I have, since March, been working on a new novel.
As The Whisper That Rose Through Darkness ticks over in the background, this other book has somehow taken over. I feel immensely guilty.
Anyway, I thought I would start using this blog for more than just a few poems and the odd short story (let’s pretend it hasn’t been months since I uploaded either). Escape from Reality will also become a platform for me to just talk. About things. And stuff. You’ll see.
So, this new story.
It is boy meets girl, without the middle part. It is two young people in London, experiencing life. One is kind of famous, and the other is swallowed up in his own angst.
I want it to be funny and moving but, most importantly, truthful.
When I look back at being eighteen, I think of myself as a mess. I drank way too much way too frequently. I learned how to be selfish and put myself first in most situations. I made stupid decisions and shunned responsibility and somehow blagged my way through my first year at university.
I also remember how much I cared about, well, everything. Homesickness was a constant nag in my mind. Proving myself as intelligent was imperative to my happiness, to the point that I regretted studying French (foreign languages not a natural talent of mine) and almost resented having attended comprehensive school (although this was also a side-effect of studying alongside several privately educated peers). Most of all, though, I wanted everyone to like me. I wanted to please everyone and just fit in.
I even started speaking posh.
There was also a General Election during my first year at university and I was so passionate, so hell-bent on making sure all my friends and even some strangers in bars shared my political opinions, that the eventual result devastated me.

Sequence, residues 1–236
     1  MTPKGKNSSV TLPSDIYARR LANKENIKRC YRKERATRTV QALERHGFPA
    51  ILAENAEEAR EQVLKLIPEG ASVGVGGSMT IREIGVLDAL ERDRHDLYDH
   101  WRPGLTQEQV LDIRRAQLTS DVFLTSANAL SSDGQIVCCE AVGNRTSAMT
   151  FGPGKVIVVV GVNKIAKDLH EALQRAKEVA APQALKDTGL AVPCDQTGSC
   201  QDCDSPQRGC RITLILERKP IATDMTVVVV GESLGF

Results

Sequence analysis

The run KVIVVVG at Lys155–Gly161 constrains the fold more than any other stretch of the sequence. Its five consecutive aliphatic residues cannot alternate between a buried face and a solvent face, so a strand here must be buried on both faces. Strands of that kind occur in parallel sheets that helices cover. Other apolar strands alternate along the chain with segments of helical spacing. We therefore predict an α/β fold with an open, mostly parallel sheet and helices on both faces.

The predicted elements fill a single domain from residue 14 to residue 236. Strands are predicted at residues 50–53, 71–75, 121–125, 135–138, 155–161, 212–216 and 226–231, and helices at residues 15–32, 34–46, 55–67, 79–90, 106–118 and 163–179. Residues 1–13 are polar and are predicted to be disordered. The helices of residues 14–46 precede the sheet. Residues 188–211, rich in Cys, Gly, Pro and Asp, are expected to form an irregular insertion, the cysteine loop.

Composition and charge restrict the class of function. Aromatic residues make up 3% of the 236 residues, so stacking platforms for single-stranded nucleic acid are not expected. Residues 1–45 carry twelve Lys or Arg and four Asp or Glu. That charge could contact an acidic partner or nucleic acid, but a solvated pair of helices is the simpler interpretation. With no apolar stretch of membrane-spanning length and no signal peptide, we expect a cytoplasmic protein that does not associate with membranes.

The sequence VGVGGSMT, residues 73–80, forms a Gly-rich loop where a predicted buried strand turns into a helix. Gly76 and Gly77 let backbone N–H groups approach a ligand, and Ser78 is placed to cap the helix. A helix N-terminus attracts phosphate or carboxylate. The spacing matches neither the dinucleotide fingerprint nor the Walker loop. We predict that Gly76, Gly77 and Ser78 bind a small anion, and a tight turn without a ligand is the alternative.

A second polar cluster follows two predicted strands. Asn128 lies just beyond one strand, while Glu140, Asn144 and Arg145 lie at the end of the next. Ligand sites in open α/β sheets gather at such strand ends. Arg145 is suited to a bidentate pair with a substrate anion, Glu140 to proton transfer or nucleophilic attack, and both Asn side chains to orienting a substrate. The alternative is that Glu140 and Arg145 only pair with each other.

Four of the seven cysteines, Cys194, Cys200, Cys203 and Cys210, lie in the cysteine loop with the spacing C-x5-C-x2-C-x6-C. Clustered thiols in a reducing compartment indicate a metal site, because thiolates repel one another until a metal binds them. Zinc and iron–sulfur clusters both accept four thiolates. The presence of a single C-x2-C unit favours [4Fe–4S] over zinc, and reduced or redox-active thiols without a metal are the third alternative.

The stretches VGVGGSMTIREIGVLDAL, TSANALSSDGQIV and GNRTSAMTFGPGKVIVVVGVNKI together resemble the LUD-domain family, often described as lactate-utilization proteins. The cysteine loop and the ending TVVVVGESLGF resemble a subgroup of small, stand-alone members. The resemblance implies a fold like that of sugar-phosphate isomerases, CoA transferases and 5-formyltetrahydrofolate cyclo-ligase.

How times change.
Do I still care what people think of me? Hell no. Am I still passionate about the political party I support? Not really. Am I still selfish? Nope. Do I continue to resent the schools I attended? Not even a tiny bit.
I do still enjoy the occasional alcohol binge, though.
So writing in the perspective of eighteen-year-olds is challenging. It means I have to think back, dig into memory, and emulate those emotions. And there were a lot of those.
Remember how we all resented going to school and then, after one week of full-time employment, wished that we were back in the confines of educational institutions. The taunts of classmates, in hind-sight, more bearable than the mundanity of nine-to-five. The school holidays a distant memory after your first night shift. (I mean, some people miss it so much that they even grow up to be teachers!)
That’s how I feel right now. If I could be eighteen again, I probably would. Okay, I never could decide if I was ecstatic, content and happy, or miserable, lonely and desolate. But man, life was good.
So, the point of this blog post? I’m not sure there is one. Except, sometimes it’s healthy to remember how it was to be young. It’s even okay to wish you were back there, living it all again.
But also it’s important to appreciate that, and this will go for, like, 95% of people, you are a better person now than you were when you were eighteen. If nothing else, you are more you.
Anyway, after 600 words of procrastination, I’d better get back to writing this new novel.